Pai Gow needs two hands

The Pai Gow variant of poker is based on the Chinese match Pai Gow during the early 80's. it was developed by Fred Wolf when he was in need of a fresh attraction in his company that would easily catch the public's attention and increase the patrons at Bell Club, the establishment he owns in Bell City. Sure enough, Pai Gow did just that.

The game uses 53 cards, including the joker. The dealer gives out seven faced down cards for each player. Eventually, the players will need to form two hands from the seven cards, one with 5 cards and the other with two, maintaining that the hand with the two cards should have a lower rank compare to the one with the five cards. This means that in Pai Gow, the only ranking for hands with two cards is high cards or a pair.

One player will assume the role of a banker, the position which alters each hand, pretty much similar to the dealer button at Texas Hold'Em. Pai Gow is rather straightforward. The players and the banker form their hands. When the banker's hands with two and five cards respectively are defeated by that of a player's, the player takes the cash. When only one hand wins, he will push but if both the banker's hands beat his, he loses. Every time a tie between a hand of the banker and the player happens, the banker has the leverage. This means that when the player ties with the banker on the hand with five cards and loses on the hand with two cards, he still loses.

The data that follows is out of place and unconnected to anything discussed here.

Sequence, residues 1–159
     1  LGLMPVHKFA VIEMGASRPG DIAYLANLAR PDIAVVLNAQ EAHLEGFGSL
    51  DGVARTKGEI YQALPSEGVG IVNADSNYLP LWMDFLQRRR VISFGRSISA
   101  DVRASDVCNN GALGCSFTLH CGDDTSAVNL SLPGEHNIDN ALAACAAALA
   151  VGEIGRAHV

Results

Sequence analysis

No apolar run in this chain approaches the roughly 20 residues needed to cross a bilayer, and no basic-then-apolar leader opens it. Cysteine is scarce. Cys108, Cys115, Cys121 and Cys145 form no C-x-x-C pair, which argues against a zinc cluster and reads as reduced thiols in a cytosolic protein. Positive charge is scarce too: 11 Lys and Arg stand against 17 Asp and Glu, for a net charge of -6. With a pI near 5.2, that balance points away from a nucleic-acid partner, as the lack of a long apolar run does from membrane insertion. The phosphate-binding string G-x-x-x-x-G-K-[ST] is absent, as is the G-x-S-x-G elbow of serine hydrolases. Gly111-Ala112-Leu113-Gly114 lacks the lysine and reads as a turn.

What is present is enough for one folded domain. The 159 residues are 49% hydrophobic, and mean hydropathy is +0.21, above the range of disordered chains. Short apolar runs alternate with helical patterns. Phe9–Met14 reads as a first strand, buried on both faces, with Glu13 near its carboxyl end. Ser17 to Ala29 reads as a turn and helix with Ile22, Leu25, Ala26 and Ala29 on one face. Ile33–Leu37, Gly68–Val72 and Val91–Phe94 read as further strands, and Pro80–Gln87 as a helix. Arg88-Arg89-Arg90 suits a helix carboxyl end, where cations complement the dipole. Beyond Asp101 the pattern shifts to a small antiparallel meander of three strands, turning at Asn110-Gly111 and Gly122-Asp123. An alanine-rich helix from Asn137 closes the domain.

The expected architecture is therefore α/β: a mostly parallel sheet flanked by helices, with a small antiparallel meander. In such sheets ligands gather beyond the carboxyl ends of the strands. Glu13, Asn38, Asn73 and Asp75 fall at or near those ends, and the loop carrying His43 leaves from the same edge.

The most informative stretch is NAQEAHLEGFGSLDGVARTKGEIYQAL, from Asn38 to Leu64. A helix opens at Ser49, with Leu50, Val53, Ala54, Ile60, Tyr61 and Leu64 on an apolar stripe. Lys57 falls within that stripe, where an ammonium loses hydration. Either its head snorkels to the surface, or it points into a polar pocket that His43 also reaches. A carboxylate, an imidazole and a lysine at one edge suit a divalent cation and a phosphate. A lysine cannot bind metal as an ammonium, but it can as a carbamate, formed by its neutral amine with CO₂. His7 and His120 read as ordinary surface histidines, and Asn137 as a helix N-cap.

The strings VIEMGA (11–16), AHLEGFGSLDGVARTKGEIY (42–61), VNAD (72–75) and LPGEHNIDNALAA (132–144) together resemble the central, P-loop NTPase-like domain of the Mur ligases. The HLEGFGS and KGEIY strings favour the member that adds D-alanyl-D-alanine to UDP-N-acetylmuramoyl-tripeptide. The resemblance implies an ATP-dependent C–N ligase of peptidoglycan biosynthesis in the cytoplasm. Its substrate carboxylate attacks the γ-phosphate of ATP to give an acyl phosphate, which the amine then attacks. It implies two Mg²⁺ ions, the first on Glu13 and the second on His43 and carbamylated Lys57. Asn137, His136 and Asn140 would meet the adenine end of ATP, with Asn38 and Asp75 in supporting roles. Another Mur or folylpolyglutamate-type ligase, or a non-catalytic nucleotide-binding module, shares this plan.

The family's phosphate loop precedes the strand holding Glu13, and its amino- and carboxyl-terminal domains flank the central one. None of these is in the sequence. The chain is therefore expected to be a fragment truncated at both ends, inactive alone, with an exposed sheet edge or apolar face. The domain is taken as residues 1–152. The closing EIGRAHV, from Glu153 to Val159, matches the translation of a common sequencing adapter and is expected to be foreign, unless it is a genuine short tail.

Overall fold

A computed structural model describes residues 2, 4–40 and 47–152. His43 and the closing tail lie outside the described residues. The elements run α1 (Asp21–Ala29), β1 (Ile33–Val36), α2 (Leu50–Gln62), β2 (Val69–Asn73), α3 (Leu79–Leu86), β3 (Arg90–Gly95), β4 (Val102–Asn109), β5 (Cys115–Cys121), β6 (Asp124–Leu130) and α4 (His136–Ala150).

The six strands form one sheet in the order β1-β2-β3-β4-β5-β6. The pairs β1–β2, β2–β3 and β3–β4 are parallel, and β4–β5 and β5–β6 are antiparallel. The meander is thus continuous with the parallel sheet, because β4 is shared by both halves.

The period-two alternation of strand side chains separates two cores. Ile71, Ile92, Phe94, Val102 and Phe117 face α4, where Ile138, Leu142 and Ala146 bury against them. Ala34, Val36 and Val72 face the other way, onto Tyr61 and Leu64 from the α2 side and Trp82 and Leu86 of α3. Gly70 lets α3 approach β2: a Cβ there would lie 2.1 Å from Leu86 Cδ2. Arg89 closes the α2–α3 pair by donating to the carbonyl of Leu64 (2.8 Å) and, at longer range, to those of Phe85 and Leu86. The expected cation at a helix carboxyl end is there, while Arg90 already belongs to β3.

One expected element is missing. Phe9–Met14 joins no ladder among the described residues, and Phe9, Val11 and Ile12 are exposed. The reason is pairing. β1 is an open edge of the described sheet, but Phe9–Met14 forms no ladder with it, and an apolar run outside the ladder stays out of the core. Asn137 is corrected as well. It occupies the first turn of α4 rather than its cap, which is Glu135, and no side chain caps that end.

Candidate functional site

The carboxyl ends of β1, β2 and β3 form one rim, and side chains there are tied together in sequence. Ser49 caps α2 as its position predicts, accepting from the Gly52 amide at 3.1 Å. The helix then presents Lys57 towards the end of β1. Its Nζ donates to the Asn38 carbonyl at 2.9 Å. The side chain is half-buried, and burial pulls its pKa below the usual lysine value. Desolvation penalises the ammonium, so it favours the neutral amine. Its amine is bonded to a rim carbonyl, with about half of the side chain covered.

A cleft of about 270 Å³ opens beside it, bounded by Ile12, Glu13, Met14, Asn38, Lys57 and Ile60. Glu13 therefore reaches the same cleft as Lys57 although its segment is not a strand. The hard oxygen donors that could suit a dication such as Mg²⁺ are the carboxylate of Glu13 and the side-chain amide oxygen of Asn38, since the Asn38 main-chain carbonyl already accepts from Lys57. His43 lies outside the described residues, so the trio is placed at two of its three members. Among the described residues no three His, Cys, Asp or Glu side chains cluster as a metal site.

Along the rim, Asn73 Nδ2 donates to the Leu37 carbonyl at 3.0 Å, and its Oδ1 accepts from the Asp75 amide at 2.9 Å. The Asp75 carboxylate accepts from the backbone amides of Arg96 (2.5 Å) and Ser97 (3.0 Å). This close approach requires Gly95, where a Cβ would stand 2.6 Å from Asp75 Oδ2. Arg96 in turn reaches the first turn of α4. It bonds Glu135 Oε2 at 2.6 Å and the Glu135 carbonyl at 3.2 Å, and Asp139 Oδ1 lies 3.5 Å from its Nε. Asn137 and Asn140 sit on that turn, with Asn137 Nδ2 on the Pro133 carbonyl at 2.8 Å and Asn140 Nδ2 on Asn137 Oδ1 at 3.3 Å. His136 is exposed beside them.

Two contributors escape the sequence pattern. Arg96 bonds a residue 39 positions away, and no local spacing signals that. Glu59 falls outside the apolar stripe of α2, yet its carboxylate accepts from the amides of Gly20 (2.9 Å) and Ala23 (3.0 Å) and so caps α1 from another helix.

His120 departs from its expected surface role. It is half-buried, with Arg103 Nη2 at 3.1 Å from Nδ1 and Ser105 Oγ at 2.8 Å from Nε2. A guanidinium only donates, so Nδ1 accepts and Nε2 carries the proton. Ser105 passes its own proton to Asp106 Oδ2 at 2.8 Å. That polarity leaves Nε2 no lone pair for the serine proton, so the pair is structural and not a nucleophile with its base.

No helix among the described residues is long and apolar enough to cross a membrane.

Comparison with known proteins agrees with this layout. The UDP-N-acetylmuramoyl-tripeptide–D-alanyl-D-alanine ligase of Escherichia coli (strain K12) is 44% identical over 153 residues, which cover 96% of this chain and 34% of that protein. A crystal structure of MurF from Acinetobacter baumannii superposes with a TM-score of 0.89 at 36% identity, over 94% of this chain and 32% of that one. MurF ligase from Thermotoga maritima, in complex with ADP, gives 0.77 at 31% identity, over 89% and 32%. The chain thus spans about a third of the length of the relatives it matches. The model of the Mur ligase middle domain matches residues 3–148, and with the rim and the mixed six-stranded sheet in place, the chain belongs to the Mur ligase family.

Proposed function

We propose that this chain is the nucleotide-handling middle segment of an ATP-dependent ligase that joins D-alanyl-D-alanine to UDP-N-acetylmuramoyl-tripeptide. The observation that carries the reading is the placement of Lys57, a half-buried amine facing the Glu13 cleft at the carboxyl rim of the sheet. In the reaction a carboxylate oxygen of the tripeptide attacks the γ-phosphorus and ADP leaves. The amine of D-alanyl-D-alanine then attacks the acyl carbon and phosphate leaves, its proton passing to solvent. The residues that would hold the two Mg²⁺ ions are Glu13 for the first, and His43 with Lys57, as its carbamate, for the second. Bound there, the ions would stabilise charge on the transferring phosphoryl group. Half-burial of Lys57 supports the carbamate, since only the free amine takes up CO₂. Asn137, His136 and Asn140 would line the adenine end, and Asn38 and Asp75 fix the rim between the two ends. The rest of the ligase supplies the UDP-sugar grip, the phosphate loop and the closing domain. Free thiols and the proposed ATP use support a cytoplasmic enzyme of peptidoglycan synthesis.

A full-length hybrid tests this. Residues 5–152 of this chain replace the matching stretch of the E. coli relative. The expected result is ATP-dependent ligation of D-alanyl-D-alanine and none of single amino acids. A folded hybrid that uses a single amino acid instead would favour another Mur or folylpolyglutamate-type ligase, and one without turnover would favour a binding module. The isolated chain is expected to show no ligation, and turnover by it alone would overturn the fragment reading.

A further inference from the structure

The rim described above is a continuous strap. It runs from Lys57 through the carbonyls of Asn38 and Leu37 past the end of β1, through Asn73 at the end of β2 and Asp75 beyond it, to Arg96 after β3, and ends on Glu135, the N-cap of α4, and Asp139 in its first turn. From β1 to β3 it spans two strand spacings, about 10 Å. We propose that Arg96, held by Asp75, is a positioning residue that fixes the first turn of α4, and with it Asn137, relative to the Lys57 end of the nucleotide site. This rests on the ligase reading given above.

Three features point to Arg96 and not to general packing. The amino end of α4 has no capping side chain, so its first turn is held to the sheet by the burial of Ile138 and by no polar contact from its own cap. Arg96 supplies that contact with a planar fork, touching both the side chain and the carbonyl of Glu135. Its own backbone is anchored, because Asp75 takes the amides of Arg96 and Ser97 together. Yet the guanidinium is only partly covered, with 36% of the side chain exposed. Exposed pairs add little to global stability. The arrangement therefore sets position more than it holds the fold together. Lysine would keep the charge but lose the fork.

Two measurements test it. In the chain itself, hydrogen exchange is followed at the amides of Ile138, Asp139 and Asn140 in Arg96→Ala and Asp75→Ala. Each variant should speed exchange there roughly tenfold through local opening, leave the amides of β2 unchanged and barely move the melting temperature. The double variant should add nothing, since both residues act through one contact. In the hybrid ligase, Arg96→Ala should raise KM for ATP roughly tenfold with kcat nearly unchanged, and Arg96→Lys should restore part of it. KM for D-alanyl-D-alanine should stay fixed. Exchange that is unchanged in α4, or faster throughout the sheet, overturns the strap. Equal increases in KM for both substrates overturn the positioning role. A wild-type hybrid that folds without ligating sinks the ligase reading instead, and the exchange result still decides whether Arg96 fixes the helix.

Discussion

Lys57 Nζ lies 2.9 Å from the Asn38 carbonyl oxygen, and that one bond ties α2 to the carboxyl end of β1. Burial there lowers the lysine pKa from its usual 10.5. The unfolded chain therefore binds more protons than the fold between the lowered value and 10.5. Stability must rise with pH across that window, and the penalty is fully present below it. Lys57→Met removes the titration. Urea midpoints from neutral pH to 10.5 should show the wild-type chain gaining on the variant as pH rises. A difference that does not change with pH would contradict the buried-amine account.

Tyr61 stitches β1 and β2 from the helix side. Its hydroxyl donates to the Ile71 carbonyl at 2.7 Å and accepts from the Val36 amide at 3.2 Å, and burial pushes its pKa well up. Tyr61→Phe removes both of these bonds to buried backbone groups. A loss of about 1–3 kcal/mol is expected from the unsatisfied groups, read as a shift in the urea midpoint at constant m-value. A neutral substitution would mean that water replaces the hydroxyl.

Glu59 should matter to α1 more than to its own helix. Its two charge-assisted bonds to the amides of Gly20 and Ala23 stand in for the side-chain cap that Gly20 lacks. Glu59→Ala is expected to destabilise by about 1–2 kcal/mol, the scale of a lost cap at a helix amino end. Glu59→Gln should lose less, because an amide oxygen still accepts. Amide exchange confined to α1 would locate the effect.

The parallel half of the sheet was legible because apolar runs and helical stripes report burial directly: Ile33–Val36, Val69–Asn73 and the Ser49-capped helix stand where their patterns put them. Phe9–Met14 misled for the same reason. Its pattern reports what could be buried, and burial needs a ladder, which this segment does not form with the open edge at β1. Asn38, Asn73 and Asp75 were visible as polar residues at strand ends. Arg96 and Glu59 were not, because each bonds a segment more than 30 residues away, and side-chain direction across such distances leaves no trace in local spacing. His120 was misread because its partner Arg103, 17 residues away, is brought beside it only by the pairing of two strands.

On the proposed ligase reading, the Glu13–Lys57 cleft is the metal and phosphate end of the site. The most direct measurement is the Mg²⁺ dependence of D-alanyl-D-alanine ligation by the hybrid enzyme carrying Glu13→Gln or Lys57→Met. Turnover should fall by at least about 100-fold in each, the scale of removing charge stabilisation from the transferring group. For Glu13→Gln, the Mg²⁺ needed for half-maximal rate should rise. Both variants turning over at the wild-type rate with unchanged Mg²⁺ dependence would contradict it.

Under usual circumstances, it is advisable to form a hand with two cards that's as strong as possible but not leaving the hand with the five cards weak. The most typical strategy is to: (1) if you are not dealt any flushes, pairs or straights, he has to pair the highest card with card that has the third highest value to form his hands with two cards and (2) when he receives just one pair, he should include it in his hand with five cards.